Date of Award:
Master of Science (MS)
Mechanical and Aerospace Engineering
This research explores the use of different metals combined through 3D-printing to enhance the performance of materials, with a focus on making heat exchangers more cost-effective for renewable energy. The goal is to replace a costly high-temperature alloy with a more affordable low-temperature alloy, using metal additive manufacturing for its benefits such as less material waste, faster production, reduced weight, and the ability to print entire assemblies in one go. The study delves into a unique combination of two 3D-printing techniques, Directed Energy Deposition and Laser Powder-Bed Fusion, to create a multi-material composed of stainless steel 316L and a nickel-based superalloy, Inconel 625. The primary focus is on understanding the structure and properties of this material, documenting mechanical properties, and characterizing its microstructure. By investigating how these additive manufacturing techniques influence the material's structure and properties, the research provides valuable insights on the fabrication of multi-materials. It expands our understanding of how combining different 3D-printing methods can enhance the production of multi-material components.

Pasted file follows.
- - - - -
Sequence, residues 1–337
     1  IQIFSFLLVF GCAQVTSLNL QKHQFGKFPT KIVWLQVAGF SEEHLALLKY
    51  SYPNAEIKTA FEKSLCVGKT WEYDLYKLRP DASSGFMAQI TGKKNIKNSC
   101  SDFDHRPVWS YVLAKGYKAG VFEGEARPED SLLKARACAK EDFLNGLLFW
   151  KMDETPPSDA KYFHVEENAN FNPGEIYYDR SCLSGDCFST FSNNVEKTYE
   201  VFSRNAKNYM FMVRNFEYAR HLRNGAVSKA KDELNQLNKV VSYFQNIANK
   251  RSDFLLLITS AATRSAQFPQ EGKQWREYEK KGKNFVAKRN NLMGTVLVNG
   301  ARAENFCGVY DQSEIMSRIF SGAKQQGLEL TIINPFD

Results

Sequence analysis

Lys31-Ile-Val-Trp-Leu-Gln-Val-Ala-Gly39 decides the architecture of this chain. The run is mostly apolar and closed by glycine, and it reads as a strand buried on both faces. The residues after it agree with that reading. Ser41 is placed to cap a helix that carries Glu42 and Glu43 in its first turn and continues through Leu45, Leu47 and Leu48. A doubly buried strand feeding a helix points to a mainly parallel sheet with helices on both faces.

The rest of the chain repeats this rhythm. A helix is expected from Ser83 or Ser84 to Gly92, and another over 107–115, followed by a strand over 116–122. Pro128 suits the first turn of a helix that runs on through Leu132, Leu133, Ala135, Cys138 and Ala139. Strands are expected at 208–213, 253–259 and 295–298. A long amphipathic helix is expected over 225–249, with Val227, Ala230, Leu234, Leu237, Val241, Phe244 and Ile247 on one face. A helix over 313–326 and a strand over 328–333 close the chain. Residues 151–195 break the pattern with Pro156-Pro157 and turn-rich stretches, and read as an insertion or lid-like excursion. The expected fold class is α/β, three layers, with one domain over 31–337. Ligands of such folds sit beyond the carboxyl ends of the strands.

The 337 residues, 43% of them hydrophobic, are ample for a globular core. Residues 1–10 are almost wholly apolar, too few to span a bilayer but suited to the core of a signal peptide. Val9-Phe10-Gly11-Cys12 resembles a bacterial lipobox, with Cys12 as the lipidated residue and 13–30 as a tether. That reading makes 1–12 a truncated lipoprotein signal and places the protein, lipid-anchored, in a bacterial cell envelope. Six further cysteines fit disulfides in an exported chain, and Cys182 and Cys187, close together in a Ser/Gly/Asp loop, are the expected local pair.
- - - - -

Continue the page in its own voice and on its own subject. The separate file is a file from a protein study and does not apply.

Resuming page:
Bettencourt, Christopher J., "Mechanical Properties and Microstructure of Multi-Materials Fabricated Through a Combination of LPBF and DED Additive Manufacturing Techniques" (2024). All Graduate Theses and Dissertations, Fall 2023 to Present. 101.
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